After several years of deferring maintenance on City-owned buildings and recreation facilities, the needs are becoming more critical and will be a priority when new expenses are considered. The City’s CIP Rehab Fund that funds these types of expenses should be funded annually at $3.5 million to meet the demand, but the City can only afford to fund it at $1.4 million a year. The City is evaluating strategies to increase revenues to fund this shortfall, and future budgets will need to be mindful of this obligation.

Technology Infrastructure

Roseville, along with all other governmental agencies, relies heavily on IT systems to manage its business and to deliver essential programs and services to our customers and citizens. It’s of no surprise that many of these systems are aging, which refers not just to the age of systems in years but also to the fact that these systems are becoming increasingly costly to operate and they may pose certain risks, such as being more vulnerable to cyber security threats. The renewal and modernization of aging IT systems is extremely important and requires significant planning and funding.

Roseville has taken a proactive approach to upgrade and replace key infrastructure technologies throughout the City though the development of the Strategic Technology Replacement Plan. The City’s CIP Rehab funds existing technology needs in the City and should be funded annually at $2.1 million to meet the demand; however, the City can only afford to fund it at approximately $600,000 a year. If adequately funded and implemented, this 10-year strategic replacement plan and the corresponding replacement fund will allow the IT Department to ensure the continued reliable operation of City and community infrastructure.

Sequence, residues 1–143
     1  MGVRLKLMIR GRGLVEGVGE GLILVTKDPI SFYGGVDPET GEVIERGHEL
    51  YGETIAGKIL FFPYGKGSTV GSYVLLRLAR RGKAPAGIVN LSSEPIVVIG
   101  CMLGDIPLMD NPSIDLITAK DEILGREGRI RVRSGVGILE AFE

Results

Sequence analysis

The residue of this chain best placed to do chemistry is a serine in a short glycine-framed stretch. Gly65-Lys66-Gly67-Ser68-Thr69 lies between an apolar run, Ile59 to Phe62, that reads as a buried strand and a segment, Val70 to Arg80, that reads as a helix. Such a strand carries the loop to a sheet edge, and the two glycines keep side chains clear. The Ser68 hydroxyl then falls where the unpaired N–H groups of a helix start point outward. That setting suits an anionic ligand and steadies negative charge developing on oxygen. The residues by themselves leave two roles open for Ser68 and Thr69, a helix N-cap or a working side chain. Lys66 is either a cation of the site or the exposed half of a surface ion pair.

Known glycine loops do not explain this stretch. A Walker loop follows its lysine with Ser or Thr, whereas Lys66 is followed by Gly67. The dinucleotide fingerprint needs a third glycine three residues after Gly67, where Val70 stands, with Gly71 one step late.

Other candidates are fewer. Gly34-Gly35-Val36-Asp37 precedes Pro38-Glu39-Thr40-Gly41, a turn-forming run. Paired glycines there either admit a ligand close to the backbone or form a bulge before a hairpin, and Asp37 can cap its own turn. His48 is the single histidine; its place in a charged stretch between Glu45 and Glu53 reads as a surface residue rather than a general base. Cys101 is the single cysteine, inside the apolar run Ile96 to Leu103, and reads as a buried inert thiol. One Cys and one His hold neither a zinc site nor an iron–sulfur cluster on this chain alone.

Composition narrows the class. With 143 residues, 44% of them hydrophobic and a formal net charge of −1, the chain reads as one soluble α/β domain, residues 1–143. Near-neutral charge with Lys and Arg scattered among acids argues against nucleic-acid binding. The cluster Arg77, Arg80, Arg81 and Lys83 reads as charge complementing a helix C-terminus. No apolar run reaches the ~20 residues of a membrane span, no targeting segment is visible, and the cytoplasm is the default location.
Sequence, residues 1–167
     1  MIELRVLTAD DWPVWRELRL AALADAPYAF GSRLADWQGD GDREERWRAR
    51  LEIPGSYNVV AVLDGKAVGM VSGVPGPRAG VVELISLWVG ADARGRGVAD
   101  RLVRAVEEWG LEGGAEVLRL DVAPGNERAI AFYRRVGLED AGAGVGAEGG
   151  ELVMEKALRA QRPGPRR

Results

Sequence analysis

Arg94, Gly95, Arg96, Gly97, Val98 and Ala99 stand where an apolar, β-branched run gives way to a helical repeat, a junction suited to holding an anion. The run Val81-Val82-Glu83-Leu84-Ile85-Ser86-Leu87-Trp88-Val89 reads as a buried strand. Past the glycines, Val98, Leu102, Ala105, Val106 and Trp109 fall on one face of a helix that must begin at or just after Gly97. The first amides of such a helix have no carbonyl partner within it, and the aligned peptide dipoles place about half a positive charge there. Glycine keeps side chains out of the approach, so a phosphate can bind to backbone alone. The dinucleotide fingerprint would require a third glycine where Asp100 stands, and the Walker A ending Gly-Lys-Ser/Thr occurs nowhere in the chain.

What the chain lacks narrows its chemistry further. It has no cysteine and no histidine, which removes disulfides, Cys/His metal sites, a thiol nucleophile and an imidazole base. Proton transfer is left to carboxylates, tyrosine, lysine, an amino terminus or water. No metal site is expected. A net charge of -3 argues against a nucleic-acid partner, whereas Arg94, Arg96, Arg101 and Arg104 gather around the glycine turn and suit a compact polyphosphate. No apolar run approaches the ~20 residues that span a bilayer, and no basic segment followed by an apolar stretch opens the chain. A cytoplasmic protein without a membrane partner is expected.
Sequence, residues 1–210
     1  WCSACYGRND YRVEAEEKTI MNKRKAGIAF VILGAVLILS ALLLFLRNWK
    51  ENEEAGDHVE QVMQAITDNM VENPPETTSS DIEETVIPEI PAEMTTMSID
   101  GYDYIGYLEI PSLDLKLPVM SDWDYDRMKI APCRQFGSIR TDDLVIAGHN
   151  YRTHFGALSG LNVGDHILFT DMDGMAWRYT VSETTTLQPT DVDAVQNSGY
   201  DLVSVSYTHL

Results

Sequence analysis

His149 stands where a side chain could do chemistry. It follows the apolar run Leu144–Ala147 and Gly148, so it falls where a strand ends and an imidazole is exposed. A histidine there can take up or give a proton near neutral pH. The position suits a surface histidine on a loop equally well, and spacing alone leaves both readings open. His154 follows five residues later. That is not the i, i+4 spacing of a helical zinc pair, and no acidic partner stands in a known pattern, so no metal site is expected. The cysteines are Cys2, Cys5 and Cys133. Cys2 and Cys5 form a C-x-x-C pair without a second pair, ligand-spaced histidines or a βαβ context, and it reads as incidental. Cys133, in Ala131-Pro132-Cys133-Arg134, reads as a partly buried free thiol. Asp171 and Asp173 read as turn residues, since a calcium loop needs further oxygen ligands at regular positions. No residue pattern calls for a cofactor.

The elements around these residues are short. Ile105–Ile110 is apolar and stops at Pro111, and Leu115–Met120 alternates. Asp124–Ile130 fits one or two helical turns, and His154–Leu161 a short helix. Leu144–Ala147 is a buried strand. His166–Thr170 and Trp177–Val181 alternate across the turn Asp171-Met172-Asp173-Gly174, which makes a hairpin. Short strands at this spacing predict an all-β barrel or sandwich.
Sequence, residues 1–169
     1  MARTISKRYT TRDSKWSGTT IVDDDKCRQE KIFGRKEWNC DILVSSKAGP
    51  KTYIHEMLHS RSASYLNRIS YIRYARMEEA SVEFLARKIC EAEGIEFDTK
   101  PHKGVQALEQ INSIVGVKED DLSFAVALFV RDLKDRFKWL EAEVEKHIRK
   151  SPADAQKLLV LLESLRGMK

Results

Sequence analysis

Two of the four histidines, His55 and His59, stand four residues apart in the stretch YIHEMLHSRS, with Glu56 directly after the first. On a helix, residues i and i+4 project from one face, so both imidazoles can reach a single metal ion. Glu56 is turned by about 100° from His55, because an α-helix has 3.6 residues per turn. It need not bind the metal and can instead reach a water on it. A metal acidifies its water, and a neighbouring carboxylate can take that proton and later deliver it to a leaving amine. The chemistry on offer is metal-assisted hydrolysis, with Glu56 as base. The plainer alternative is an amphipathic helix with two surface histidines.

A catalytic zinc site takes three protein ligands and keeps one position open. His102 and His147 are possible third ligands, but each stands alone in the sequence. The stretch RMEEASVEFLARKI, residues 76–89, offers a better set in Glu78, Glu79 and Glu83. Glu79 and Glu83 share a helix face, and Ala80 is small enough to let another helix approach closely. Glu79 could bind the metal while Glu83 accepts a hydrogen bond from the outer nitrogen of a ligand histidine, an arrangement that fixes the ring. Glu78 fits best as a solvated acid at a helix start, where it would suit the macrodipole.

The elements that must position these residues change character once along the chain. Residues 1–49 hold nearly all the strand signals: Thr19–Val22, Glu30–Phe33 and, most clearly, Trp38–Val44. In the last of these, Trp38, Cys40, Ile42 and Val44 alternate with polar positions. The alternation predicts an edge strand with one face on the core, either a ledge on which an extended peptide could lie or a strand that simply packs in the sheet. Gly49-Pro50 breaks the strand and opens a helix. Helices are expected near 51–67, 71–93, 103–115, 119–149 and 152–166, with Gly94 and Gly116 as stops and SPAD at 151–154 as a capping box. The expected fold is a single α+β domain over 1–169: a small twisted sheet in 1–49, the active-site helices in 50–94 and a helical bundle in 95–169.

The following major technology projects will be an important focus this next fiscal year as we continue to strengthen our technology infrastructure.

Citywide business system projects:

  • Creation of Vision 2020 strategic technology roadmap
  • Completion of the Citywide handheld and mobile radio replacement
  • Completion of the financial and human resources information-system replacement
  • Installation of east site radio tower for mobile radio operability

Departmental business system projects:

  • Utilities Advanced Metering Infrastructure (AMI) – Phase 1 Testing
  • Public Safety Dispatch improvements – Text 911
  • Police license plate recognition system
  • Implementation of key security initiatives: Single Sign- On/Multi-factor Authentication, firewall improvements, device encryption/rogue device detection


Utility Infrastructure

Aging infrastructure is a chronic issue plaguing the United States and most of the developed world. The funding to pay for replacing the infrastructure our country and economy depend upon simply is not there at a national or statewide level. Roseville’s utility infrastructure—power plants, treatment plants, power lines, pipelines, pump stations, substations and the like— are valued well into the multi-billions of dollars.

While new growth pays for additional utility capacity and service extensions, the ongoing cost of proactive infrastructure maintenance, renewal, and replacement factors heavily into our bi-annual utility-rate analyses. The City sets high standards and invests in high-quality materials then uses asset-management practices to ensure our infrastructure is efficiently cared for and maintained. Roseville’s utilities are among the few that have fully funded their infrastructure-rehabilitation program now and into the future. This means Roseville utility customers will be able to count on our utility infrastructure for many generations to come.

Roadway Infrastructure

Funding ChallengesFunding challenges for roadway infrastructure have caused the City to fall behind on its maintenance schedule for streets. Gas-tax rates, accrued on a per-gallon basis, were developed without an adjustment for inflation, minimizing their purchasing power with every year that passes. Gas-tax revenues have fallen also due to more fuel-efficient vehicles being on the road, reducing the demand for gasoline. The passing of SB1 by the State Legislature in April 2017 is enhancing our ability to maintain our roadways but doesn’t completely close the gap. Prior to SB1, roadway maintenance was $50 million underfunded.SB1 closed about half of the funding gap bringing the maintenance funding deficit down to about $25 million.